Upgrade a SharePoint 2013 farm with minimal downtime

Updating and upgrading a large SharePoint 2013 farm without a DR farm will impact the availability. There is no way to upgrade a farm without downtime in this situation. In this post I will describe the steps to upgrade a SharePoint farm with minimal downtime after applying a Cumulative Update (CU). Patching the servers in the farm with a new CU is not in scope of this post, there is a good TechNet article describing different scenario’s on how to perform this activity (https://technet.microsoft.com/en-us/library/ff806338.aspx). However installing the CU and simply starting the configuration wizard will put your farm offline for a very long time with no control at what is going on during upgrade!

To have more control over the upgrade process, I divided the upgrade process in three phases (assuming that the CU was already installed on all servers in the farm):

  • Step 1> Update all content databases first, two databases on the same SQL instance can be upgraded in parallel. Its not recommended to upgrade more databases in parallel. During this activity only the Site Collection in the content database that is being upgraded is not available. The rest of the farm is still available during this activity.
  • Step 2> Run the configuration wizard on Central Admin server and upgrade the configuration database and remaining Service Applications databases. Because all content databases already have been upgraded in the previous step, this step will be a lot quicker than without upgrading the content databases first. Always check the notes of the CU if specific Service Application databases need to be upgraded separately, some CU’s require custom upgrade commands. During this step, the complete farm is unavailable.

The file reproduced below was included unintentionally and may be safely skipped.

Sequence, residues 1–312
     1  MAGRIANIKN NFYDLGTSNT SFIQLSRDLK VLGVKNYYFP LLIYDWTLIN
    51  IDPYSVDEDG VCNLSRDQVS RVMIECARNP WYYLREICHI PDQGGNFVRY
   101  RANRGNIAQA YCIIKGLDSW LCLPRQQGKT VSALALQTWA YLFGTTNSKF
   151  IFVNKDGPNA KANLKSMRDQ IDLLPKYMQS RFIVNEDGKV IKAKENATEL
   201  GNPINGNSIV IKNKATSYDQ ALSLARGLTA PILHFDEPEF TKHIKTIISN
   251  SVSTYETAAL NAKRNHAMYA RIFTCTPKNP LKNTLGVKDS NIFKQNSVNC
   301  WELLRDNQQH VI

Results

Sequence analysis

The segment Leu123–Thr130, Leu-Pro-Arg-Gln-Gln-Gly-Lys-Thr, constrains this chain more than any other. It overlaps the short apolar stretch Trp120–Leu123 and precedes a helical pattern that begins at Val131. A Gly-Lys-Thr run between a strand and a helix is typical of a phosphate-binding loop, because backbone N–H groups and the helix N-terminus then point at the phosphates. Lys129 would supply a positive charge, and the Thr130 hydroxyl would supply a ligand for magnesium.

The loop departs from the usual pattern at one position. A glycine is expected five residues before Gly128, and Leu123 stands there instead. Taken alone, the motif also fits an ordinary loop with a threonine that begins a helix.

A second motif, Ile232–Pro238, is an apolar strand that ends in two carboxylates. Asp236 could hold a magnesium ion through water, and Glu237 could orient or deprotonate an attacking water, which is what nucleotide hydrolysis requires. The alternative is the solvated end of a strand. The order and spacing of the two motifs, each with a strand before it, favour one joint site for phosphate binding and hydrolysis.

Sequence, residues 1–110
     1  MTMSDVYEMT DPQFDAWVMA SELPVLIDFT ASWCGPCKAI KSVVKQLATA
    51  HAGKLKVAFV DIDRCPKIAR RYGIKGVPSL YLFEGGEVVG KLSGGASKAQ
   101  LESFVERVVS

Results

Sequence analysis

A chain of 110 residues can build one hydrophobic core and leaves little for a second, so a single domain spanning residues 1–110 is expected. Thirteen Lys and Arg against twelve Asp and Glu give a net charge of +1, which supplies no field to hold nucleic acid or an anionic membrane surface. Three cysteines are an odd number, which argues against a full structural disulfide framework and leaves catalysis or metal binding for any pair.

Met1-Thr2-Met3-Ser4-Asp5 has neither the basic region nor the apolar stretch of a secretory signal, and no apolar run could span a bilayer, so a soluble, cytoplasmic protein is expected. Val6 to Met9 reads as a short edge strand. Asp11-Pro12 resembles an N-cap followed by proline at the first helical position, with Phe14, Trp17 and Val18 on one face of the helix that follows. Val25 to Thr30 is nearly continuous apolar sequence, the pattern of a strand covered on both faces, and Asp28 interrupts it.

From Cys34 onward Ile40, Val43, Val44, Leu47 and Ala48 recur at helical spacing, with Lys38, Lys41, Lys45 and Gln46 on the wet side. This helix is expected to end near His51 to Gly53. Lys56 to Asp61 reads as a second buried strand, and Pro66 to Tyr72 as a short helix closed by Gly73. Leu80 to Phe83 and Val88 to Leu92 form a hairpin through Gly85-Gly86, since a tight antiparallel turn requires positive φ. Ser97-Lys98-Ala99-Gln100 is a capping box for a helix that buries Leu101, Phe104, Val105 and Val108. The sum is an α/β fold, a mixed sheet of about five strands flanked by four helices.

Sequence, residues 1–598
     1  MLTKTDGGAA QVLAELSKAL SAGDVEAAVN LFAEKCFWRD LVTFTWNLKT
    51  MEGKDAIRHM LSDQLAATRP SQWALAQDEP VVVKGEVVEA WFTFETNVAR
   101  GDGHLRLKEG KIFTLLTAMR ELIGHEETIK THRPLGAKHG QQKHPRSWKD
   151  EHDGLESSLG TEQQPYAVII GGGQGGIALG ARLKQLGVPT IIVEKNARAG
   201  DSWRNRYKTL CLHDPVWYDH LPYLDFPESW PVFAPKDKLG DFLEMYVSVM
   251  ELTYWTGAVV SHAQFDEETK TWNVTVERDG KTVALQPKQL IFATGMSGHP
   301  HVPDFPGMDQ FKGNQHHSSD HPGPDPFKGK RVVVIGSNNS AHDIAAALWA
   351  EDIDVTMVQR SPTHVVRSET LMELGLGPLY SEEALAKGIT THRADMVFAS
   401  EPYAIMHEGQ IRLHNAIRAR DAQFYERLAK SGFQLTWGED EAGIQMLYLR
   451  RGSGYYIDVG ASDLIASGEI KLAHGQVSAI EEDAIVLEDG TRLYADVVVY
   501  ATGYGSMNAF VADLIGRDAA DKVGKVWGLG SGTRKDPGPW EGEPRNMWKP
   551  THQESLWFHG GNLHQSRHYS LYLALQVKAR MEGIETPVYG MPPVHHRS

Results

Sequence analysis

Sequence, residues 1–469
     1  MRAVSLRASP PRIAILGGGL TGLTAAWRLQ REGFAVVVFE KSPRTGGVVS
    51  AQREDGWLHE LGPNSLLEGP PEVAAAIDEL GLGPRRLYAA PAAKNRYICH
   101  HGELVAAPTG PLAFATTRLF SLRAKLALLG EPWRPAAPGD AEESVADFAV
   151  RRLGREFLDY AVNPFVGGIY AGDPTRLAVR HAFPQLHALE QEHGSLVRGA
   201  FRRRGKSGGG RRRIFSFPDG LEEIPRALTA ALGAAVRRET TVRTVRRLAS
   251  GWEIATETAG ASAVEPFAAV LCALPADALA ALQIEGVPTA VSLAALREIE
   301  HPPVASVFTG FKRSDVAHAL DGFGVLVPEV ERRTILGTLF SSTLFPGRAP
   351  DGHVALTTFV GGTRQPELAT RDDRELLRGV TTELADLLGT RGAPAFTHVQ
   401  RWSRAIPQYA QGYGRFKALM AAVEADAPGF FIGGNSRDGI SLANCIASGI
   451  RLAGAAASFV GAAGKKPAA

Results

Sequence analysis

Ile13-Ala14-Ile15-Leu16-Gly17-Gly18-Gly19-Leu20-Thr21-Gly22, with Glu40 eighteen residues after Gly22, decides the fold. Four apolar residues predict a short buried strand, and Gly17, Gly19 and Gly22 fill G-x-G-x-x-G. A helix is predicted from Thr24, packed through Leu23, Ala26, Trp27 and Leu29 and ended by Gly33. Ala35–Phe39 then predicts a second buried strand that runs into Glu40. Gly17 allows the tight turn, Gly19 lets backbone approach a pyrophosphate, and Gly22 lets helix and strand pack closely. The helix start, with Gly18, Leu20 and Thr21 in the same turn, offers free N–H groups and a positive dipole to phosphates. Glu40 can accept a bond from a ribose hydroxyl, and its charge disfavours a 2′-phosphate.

• Step 3> Run configuration wizard on remaining servers in the farm, start with the Apps / Search servers and end with the Web servers. Only the server that is running the configuration wizard is not available in the farm. If you build in resilience for the Service Application in the farm, this step also involves no / minimal downtime for the farm.

The Configuration Wizard can be replace with the PSConfig for scripting purposes:

PSConfig.exe -cmd upgrade -inplace b2b -wait -cmd applicationcontent -install -cmd installfeatures -cmd secureresources

All different states in the update/upgrade process of SharePoint are backward compatible and supported by Microsoft, however it is not recommended to wait to long before moving to the next state. In the next part of this post I will test these steps in a Lab setup.

After installing the binaries on the servers in the SP farm this is the start situation. The farm is still completely available, even if a new CU is installed but the farm is not yet upgraded.

Step 1> Upgrading all content databases in the farm

Functional tests after upgrading all content database were successfully:


Step 2> Run configuration wizard on the Central Admin server, this activity will update remaining Service Application database as well as the configuration database of SharePoint. During this step the farm is not available but a lot of downtime is saved because of step 1.

Functional testing with all content databases / configuration database & service applications upgraded. Central admin server is now fully upgraded, both Web servers still needs to be upgraded:

Step 3> Run the configuration wizard on the remaining servers in the farm, the Configuration wizard can only run on one server a time. If started on multiple servers, it will lock all servers except one server. The Configuration wizard will than move on to the next server in the farm. It is recommended to not follow this approach but run the Configuration wizard on one server, wait until it is finished and than move on to the next server (least downtime required).

After the last step the complete SharePoint farm is successfully upgraded to CU2016DEC update with minimal downtime for the end-users.

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